I have written this blog along side guest author Rebecca Villis, IPO’s Head of Innovation Policy. It outlines the first major evaluation of the impact of the Lambert Toolkit , developed in 2005 to provide model licensing agreements to aid university-business research collaboration. The real strength of this evaluation was the partnership formed by Agnes and Rebecca with the Association for University Research and Industry Links (AURIL), the Confederation of British Industry (CBI), PraxisUnico and Innovate UK.
The Toolkit includes model agreements that can help facilitate negotiations over who owns what intellectual property (IP) generated in collaborative research. The evaluation project looked at how it has been used, who it has been used by, what impact it has had and whether there is room for improvement.
Open innovation is happening now more than ever before. For those not familiar with the term, open innovation is an idea developed by the US economist Henry Chesborough - which suggests that innovative businesses should collaborate with others outside their organisation to access the knowledge and skill necessary to bring a new product to the market.
This is not a new concept. There are many historic examples of innovators looking outward. For example, Gatorade was invented at the University of Florida in the late 1960s and patented with the Stokely-Van Camp company. But the increasing complexity and availability of knowledge means that businesses now innovate more successfully with less reliance on internal knowledge alone. IP plays an invaluable role in this, helping organisations maximise the value of their innovation.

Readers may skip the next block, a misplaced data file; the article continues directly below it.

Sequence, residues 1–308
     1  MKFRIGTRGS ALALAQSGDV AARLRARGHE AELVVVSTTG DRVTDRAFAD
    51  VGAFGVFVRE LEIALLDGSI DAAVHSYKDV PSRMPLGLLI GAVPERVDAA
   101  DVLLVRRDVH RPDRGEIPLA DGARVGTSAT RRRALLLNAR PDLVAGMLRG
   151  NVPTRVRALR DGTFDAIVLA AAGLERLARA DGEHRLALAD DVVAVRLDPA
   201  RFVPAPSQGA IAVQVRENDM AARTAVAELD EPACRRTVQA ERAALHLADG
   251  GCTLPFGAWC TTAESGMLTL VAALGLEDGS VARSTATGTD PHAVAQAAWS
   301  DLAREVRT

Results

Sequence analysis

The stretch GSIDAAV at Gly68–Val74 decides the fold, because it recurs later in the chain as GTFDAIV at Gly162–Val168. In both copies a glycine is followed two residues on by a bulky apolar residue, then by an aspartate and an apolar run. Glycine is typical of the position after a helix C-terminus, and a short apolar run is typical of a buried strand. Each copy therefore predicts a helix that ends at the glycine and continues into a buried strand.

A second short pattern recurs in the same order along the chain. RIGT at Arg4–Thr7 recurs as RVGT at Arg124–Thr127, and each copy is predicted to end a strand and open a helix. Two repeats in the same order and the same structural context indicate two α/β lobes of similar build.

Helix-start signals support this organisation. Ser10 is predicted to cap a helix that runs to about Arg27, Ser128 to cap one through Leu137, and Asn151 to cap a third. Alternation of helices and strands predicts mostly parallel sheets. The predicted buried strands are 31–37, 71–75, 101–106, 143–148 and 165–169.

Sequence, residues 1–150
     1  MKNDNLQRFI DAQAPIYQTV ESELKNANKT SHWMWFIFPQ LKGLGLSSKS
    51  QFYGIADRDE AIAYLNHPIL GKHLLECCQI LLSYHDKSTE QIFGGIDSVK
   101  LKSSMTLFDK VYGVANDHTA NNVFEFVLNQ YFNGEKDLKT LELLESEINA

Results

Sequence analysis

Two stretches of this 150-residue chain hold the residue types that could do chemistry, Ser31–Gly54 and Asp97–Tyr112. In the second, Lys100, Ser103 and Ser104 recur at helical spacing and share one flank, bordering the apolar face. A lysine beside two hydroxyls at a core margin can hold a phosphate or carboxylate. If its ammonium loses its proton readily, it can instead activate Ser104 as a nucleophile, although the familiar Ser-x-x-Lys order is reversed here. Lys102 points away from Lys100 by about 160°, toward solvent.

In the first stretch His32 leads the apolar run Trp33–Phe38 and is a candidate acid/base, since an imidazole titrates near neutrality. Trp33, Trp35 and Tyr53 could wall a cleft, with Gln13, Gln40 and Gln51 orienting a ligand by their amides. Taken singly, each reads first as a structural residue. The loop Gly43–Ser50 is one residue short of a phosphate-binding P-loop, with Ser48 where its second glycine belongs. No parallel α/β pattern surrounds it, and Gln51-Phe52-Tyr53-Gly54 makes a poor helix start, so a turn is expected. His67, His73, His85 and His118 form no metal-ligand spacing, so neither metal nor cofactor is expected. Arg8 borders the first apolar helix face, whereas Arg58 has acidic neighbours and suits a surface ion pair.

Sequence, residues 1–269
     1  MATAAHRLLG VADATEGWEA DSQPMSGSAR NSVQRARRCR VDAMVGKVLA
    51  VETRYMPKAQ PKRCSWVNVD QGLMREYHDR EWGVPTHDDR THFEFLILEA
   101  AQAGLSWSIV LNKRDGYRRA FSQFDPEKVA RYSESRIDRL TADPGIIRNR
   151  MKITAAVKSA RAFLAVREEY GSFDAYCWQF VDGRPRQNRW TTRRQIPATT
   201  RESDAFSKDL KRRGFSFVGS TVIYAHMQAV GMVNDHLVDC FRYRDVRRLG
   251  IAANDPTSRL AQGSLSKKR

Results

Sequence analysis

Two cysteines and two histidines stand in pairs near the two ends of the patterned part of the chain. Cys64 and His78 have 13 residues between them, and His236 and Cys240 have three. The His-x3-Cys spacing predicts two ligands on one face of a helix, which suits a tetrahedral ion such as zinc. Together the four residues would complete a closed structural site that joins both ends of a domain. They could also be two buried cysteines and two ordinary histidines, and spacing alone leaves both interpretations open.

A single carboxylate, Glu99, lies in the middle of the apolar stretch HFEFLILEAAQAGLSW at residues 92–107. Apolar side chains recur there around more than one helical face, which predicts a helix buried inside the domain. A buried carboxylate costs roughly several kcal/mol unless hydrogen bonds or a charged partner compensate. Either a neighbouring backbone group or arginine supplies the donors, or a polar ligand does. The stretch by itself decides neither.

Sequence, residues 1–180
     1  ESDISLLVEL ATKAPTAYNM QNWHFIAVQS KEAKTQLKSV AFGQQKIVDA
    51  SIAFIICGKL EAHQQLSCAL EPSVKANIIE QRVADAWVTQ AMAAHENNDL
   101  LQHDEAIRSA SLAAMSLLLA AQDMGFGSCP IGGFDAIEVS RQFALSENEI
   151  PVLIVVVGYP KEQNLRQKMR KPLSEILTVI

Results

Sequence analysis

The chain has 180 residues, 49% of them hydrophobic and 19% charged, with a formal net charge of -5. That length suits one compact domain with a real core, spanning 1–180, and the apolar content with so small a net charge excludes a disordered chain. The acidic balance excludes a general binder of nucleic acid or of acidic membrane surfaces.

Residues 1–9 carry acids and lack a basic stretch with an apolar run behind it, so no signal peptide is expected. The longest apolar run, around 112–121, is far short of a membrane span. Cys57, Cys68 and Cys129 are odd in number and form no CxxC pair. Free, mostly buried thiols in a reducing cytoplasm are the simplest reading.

The IP Pragmatics research shows that those in the research and innovation space are well aware of the Toolkit, but that business, particularly SME, awareness is lower. The Toolkit is valued as a good, solid foundation for negotiation and an independent exemplar of a fair and reasonable approach. Although the agreements are not often used 'off the shelf', the principles behind Lambert are more widely adopted. The agreements have simplified the process of agreeing contracts, saving both time and money.
So if it is doing so well, what more can be done? The agreements need updating to reflect modern legal practice and the more flexible needs of collaborative research where both sides undertake research on different aspects of the collaborative programme. IP Pragmatics also stresses the need to communicate the best use of the existing tools, targeting them at the organisations that need them the most, and to promote appropriate use of the Toolkit, both nationally and internationally.
So why are we blogging about this? We want you to tell us your experience of the Toolkit. The good and the bad, and what you think can be done to improve it.
If you have questions or feedback, do comment on this blogpost and we’ll do our best to respond.